By Rochelle Olson

Ramsey County’s third Minnesota Vikings stadium proposal doesn’t work for the team, Vice President Lester Bagley said Friday.

The latest plan delivered to Gov. Mark Dayton shifted from using county sales taxes to user fees at the proposed stadium site in Arden Hills. Bagley was direct about the third effort, saying, “Our view is the earlier proposals were more viable.”

The latest concept violates the initial agreement between the team and the county revealed in May. The pact required the team to get the parking revenue and ruled out a ticket tax. “We’ll continue to work with them on it,” Bagley said.

The new plan is assumed to raise $20.6 million a year beginning with $16.3 million in 2016 and growing to $25.5 million in 2045 when the county will have paid off its portion of the project. The total costs are $1.1 billion. The plan would have the Vikings contributing $425 million, the state $350 million and $336 million from the county.

The proposal would use seven revenue streams to raise the money, including $5.4 million in parking fees from non-game events and $2 million in naming rights to parking lots. A 3 percent admissions surcharge would be included.

The deal would collect hospitality taxes from not just the stadium but the entire 430-acre former munitions site. Those taxes include food, beverage, sales and lodging. Growth in sales tax revenues at the site and business property taxes at the site would be used for transportation upgrades in surrounding roads. The county would assume the cost of land acquisition and remediation.

Commissioner Tony Bennett said he envisioned the rights to parking sectors being sold to businesses so fans could navigate to their cars in perhaps the 3M,  Medtronic or the Red Bull lots. “It’s a game-changer, it’s very different from the first two proposals,” Bennett said.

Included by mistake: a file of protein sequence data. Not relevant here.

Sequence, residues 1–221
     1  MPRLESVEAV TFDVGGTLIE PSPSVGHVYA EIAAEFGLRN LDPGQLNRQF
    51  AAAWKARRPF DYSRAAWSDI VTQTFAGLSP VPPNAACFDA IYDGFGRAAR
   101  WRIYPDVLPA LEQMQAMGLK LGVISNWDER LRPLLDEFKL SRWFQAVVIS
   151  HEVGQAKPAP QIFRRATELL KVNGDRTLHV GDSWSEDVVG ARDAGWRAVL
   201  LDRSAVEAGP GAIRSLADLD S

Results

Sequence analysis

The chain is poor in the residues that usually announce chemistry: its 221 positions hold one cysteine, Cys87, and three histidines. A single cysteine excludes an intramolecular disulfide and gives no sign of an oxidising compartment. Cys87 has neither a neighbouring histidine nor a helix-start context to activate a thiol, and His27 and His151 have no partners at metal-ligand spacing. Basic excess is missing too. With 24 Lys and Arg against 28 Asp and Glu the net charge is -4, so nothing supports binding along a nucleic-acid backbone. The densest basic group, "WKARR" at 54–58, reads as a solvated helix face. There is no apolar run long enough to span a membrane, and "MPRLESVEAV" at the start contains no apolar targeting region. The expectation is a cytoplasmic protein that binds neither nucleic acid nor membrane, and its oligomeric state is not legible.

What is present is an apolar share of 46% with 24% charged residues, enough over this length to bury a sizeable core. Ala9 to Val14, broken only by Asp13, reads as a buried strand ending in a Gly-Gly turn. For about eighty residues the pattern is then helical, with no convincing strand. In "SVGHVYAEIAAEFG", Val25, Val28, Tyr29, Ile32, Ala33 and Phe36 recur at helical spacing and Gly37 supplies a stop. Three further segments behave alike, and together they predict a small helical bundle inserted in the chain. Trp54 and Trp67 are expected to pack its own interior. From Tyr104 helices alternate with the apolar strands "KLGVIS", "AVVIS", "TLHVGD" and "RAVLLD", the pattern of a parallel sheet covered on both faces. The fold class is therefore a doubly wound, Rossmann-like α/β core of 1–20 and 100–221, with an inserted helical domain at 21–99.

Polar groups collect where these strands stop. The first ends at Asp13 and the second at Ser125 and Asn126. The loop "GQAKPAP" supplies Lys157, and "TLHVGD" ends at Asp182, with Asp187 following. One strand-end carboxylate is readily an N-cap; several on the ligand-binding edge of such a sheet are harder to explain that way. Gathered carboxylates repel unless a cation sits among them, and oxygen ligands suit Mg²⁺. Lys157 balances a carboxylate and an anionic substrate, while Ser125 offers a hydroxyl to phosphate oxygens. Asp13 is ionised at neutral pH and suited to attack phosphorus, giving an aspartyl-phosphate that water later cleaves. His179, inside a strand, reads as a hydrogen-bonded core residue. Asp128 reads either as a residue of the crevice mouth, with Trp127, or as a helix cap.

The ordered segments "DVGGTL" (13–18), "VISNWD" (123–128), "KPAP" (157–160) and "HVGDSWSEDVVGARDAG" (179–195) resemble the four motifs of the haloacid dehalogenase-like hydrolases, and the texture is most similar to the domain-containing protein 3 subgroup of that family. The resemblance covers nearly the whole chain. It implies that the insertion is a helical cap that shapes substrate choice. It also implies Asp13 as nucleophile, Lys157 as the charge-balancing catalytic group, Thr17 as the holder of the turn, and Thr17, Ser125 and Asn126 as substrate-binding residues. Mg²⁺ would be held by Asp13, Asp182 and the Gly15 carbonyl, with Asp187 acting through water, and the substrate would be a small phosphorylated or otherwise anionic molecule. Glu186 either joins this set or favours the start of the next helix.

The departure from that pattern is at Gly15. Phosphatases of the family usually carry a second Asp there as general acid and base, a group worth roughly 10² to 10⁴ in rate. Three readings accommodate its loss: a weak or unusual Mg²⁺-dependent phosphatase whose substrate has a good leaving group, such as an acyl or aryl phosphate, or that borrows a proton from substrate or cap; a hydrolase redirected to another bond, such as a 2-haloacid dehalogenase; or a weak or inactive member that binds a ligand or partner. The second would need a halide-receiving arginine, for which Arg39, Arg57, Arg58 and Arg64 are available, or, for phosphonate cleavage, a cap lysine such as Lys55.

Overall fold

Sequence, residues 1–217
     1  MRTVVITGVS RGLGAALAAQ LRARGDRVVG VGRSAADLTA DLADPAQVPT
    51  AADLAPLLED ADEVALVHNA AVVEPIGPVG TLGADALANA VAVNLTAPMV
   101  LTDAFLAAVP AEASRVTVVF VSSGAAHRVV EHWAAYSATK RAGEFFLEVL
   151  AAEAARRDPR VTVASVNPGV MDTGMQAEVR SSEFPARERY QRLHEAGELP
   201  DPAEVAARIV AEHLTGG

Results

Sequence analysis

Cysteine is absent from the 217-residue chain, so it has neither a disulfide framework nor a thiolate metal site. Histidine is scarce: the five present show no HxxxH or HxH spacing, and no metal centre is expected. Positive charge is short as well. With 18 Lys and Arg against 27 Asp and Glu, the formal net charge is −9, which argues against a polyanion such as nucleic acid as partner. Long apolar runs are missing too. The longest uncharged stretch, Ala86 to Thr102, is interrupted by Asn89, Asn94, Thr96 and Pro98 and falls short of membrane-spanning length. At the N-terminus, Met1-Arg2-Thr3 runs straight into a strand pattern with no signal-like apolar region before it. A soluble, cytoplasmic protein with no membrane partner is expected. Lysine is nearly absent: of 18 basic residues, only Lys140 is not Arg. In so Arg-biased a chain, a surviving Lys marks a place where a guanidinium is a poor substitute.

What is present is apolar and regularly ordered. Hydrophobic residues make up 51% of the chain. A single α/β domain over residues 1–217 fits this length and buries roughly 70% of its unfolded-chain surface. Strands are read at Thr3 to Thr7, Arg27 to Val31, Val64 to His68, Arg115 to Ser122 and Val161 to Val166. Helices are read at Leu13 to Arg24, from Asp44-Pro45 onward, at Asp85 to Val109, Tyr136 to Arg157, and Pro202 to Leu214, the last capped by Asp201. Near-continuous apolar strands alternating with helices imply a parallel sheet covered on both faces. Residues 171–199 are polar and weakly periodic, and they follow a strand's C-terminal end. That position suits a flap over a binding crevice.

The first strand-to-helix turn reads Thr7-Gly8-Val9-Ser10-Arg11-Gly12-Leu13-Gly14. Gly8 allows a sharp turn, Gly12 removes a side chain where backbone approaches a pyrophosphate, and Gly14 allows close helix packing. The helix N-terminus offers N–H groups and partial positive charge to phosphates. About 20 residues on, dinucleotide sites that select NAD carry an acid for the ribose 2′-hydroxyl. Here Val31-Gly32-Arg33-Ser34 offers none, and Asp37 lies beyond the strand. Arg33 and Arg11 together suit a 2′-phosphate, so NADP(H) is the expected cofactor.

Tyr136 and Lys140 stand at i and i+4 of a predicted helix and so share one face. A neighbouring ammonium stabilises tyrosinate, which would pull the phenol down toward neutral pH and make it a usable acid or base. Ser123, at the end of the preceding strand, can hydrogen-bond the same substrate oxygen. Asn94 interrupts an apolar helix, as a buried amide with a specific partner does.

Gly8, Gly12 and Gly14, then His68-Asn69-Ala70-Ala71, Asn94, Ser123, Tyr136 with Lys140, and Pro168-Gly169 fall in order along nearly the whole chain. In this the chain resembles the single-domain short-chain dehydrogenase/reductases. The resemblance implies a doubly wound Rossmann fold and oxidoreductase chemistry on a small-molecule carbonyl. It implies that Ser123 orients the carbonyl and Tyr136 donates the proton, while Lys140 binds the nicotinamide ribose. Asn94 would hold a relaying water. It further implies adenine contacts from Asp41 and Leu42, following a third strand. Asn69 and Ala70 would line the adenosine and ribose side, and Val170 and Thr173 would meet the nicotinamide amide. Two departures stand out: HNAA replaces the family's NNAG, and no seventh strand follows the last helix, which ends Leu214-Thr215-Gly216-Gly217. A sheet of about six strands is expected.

In the first plan, the county proposed a half percentage point countywide sales tax increase, but that was shot dead from many angles. Then the county proposed a 3 percent food and beverage tax increase, but that wasn’t well-received by legislators either.

Bagley said the team likes some elements of the proposal such as the property tax use and the taxes on ancillary activity at the site.  “Ramsey County is hanging in there and we appreciate that,” Bagley said.

The stadium would sit on 260 acres of the site. Vikings owner Zygi Wilf would have an option to develop 170 surrounding acres.

Dayton declined to give a thumbs up or down to the Ramsey County plan, but slapped the Minneapolis City Council with fresh criticism for “carping” and “taking potshots” on the sidelines.

He gave Ramsey County  credit for being “straightforward” and teaming with the Vikings on a “solid financial plan” from the beginning “in marked contrast to Minneapolis.”

He added, “You can’t even get a letter from the City Council saying the support a stadium. ... They just sit on the sidelines carping.”

Seven of the 13 members of the council have said they opposer a public subsidy for a stadium. Council President Barbara Johnson and Mayor R.T. Rybak.

Dayton also said he could understand why the Vikings worked with Ramsey County rather than Minneapolis. The team has said it prefers the Arden Hills site but is working with state and city negotiators on developing a plan for a site near the Metrodome that can’t go forward without council support.

Council members had yet to respond to Dayton’s comments.